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abstract = "Although the balance of male to female academics in environmental health in Africa has improved over the years, there is still inequity between the academic genders. Recent evidence suggests that female academics are often found on a lower grade and salary on the University hierarchical scale compared with their male and slightly younger counterparts. To achieve equity in research and knowledge management of female environmental health issues in Africa, it is imperative that gender balance is achieved within academic practice. Lifestyle and work patterns of male and female academics require to be taken cognisance of by donor agencies when determining the eligibility criteria to apply for scholarships to study for higher degrees. Female academics often have to withdraw from the academic field for childbirth, child rearing in the first few years. In addition to fulfilling their role as mothers they are also the care givers within the family they are still expected to undertake the usual domestic chores of a wife and care for elderly relatives, unlike their male counterparts in comparison. All of which places female academics at a disadvantage in status upon return to work. After extensive consultation with both male and female academics working in the field of environmental health in Africa, the Africa Academy for Environmental Health (AAEH) advocate three recommendations for funding bodies and higher education institutions to adopt in their policies: (1) Increase age restrictions in donor scholarship and funding applications for female academics to accommodate their maternal and domestic responsibilities; (2) Scholarship awarding bodies should actively promote funding of split site and home based postgraduate studies. This would provide an equal opportunity for female academics to attain quality qualifications irrespective of their maternal and domestic commitments and ensure research is gender balanced and specific to the African context; and (3) Universities should implement effective mentoring schemes in place to support the needs of junior academics and develop their research and teaching skills.",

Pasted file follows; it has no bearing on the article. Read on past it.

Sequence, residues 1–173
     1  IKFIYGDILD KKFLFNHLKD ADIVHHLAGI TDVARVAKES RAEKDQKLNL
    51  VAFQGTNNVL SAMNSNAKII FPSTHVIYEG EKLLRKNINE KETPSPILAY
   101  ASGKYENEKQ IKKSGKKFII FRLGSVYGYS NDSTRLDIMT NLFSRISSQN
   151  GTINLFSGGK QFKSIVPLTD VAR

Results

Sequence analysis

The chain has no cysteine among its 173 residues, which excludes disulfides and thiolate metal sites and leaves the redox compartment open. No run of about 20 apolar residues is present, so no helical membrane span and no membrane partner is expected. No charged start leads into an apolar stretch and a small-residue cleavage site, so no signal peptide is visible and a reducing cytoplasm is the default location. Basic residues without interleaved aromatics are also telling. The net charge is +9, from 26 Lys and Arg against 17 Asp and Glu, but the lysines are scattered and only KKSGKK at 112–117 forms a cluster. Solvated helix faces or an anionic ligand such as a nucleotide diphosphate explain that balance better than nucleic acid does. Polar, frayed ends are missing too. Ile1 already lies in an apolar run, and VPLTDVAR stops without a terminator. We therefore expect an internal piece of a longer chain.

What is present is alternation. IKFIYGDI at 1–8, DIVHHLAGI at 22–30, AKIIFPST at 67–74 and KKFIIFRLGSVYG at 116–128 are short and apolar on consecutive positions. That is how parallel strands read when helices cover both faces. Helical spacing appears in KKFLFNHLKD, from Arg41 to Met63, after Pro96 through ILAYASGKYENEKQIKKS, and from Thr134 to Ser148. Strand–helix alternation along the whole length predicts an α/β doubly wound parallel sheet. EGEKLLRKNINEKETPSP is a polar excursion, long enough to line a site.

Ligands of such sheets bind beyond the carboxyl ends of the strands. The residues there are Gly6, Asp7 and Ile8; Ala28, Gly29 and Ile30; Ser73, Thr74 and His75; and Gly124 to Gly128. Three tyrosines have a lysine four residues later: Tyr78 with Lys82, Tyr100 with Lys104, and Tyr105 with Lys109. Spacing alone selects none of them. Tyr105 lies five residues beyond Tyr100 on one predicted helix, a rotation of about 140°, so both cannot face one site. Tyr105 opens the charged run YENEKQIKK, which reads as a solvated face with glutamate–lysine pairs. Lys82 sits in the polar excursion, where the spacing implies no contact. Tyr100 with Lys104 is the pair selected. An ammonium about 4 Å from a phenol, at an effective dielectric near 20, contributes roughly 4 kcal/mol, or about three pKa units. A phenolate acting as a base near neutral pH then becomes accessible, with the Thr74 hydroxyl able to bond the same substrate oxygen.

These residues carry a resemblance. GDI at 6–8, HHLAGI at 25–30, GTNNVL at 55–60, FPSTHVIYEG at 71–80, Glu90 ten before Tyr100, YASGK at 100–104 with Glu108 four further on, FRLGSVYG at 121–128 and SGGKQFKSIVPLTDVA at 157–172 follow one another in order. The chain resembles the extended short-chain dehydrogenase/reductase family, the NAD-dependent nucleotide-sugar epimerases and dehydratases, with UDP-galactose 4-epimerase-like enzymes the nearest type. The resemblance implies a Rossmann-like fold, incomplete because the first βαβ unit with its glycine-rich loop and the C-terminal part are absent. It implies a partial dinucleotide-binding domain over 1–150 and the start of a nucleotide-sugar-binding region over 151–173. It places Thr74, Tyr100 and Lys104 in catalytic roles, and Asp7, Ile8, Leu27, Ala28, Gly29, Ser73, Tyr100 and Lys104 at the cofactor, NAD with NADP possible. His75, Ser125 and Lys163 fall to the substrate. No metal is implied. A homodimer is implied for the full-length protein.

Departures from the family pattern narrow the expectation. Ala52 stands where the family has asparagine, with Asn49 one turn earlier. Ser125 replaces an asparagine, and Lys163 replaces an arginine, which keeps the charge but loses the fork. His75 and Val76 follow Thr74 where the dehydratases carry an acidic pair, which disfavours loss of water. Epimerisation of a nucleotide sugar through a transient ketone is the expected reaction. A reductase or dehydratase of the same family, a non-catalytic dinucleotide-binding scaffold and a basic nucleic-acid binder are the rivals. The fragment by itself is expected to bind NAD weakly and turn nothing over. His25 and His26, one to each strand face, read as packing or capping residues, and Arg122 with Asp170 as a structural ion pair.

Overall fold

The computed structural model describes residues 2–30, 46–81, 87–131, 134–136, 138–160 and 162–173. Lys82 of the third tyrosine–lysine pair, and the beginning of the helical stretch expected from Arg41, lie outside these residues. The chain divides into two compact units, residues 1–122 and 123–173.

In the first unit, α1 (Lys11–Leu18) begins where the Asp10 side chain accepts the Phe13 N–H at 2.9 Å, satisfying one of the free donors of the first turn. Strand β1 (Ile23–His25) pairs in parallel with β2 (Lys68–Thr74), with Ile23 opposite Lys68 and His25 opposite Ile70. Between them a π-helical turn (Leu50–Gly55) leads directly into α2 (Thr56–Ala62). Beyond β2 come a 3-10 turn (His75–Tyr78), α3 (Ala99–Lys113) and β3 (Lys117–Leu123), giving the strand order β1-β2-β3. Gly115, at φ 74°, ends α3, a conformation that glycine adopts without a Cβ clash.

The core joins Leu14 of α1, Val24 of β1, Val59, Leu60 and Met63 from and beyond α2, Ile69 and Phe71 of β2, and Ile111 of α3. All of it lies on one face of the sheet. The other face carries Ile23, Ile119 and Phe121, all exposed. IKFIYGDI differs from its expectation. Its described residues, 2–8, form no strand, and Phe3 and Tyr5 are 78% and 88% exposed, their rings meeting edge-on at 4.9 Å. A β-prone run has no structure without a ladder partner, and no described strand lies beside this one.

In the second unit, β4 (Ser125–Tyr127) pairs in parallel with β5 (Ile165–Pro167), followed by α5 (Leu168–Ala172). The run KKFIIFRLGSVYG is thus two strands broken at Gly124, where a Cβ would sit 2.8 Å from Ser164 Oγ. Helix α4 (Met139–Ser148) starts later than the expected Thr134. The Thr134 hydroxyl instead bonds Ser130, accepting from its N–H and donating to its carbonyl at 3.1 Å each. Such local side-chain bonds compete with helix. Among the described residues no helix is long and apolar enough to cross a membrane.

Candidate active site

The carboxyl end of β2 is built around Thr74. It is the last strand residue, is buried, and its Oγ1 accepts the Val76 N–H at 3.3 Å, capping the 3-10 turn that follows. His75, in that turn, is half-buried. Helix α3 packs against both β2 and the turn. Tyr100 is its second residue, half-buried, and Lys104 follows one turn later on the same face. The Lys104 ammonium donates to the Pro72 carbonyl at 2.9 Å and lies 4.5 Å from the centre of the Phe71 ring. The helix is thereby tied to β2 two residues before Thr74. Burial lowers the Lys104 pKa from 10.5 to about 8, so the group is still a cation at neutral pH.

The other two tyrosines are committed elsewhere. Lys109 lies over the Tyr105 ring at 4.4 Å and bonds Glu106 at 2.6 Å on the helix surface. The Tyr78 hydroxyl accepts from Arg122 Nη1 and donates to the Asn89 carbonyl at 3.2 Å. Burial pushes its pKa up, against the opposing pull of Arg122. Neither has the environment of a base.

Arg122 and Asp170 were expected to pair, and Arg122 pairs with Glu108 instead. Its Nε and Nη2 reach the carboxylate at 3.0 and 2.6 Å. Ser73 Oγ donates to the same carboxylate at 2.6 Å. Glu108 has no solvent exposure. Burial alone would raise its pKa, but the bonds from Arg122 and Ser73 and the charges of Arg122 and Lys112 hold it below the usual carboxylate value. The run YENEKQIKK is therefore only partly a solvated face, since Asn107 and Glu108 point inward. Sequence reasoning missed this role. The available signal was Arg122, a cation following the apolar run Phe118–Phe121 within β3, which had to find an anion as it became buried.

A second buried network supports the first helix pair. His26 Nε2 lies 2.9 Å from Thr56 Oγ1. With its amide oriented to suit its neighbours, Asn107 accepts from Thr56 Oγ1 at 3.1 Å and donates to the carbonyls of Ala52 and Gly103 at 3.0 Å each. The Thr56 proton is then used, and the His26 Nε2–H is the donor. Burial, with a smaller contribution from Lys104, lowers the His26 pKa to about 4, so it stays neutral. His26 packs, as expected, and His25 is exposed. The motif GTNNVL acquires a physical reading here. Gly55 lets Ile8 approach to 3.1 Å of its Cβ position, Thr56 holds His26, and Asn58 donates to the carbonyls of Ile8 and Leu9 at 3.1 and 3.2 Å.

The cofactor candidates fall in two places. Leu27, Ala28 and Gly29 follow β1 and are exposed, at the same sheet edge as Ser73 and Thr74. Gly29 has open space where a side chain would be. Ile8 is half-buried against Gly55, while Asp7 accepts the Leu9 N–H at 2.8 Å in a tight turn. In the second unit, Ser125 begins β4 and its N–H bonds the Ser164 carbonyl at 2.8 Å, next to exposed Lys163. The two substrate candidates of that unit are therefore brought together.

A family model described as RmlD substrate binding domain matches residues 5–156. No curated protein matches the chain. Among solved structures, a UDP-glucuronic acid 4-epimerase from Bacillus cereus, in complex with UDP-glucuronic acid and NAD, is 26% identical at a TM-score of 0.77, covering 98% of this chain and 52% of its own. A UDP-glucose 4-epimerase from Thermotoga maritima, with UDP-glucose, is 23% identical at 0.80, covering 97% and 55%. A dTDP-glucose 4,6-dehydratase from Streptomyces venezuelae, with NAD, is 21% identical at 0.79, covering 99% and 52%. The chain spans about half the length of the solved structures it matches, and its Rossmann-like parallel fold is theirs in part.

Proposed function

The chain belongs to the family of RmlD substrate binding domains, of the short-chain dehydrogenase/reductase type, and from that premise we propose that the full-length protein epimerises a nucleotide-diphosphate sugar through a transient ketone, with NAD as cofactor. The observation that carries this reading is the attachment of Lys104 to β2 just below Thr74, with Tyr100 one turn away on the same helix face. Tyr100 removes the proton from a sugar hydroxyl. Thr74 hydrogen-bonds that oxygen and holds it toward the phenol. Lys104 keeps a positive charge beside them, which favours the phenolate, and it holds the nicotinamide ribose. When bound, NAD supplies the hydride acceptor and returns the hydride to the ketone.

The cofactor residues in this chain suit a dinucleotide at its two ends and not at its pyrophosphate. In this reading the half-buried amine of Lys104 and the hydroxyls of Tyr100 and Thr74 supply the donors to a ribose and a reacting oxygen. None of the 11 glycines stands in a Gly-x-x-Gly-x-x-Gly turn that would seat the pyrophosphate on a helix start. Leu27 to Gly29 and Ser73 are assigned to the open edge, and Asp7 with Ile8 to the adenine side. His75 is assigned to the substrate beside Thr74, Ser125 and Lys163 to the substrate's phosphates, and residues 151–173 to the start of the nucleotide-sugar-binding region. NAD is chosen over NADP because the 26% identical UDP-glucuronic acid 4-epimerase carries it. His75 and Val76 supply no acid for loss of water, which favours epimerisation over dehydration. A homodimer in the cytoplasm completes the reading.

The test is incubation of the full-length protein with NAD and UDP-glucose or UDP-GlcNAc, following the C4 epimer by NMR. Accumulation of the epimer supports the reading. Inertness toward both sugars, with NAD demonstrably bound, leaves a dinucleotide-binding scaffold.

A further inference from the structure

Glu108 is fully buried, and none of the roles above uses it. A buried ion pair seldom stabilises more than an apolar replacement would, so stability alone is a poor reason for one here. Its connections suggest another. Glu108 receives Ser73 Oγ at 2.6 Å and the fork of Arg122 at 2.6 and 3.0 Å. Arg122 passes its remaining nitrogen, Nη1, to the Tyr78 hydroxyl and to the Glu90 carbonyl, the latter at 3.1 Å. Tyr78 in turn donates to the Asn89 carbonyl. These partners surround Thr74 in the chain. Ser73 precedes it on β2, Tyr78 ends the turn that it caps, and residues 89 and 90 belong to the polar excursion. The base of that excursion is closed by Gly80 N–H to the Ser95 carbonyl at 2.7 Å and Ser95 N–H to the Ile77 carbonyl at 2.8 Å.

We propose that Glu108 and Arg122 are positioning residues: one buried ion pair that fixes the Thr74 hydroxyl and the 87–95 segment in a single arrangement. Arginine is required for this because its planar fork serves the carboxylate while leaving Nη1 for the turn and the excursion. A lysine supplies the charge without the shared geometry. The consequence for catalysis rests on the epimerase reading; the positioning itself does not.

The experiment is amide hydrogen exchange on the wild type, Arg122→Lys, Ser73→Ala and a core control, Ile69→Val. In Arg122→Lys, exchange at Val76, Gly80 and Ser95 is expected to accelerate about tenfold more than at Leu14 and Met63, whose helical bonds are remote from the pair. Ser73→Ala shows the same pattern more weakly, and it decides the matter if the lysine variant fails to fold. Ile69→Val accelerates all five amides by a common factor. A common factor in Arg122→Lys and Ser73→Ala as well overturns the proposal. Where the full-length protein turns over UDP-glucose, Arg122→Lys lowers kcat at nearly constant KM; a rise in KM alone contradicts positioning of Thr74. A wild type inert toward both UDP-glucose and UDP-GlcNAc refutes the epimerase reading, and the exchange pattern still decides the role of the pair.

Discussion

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author = "Tracy Morse",
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Levelling the playing field for female academics to access scholarships and research funds. / Morse, Tracy.

2 p. online. 2011, Policy brief.

Research output: Other contribution

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AB - Although the balance of male to female academics in environmental health in Africa has improved over the years, there is still inequity between the academic genders. Recent evidence suggests that female academics are often found on a lower grade and salary on the University hierarchical scale compared with their male and slightly younger counterparts. To achieve equity in research and knowledge management of female environmental health issues in Africa, it is imperative that gender balance is achieved within academic practice. Lifestyle and work patterns of male and female academics require to be taken cognisance of by donor agencies when determining the eligibility criteria to apply for scholarships to study for higher degrees. Female academics often have to withdraw from the academic field for childbirth, child rearing in the first few years. In addition to fulfilling their role as mothers they are also the care givers within the family they are still expected to undertake the usual domestic chores of a wife and care for elderly relatives, unlike their male counterparts in comparison. All of which places female academics at a disadvantage in status upon return to work. After extensive consultation with both male and female academics working in the field of environmental health in Africa, the Africa Academy for Environmental Health (AAEH) advocate three recommendations for funding bodies and higher education institutions to adopt in their policies: (1) Increase age restrictions in donor scholarship and funding applications for female academics to accommodate their maternal and domestic responsibilities; (2) Scholarship awarding bodies should actively promote funding of split site and home based postgraduate studies. This would provide an equal opportunity for female academics to attain quality qualifications irrespective of their maternal and domestic commitments and ensure research is gender balanced and specific to the African context; and (3) Universities should implement effective mentoring schemes in place to support the needs of junior academics and develop their research and teaching skills.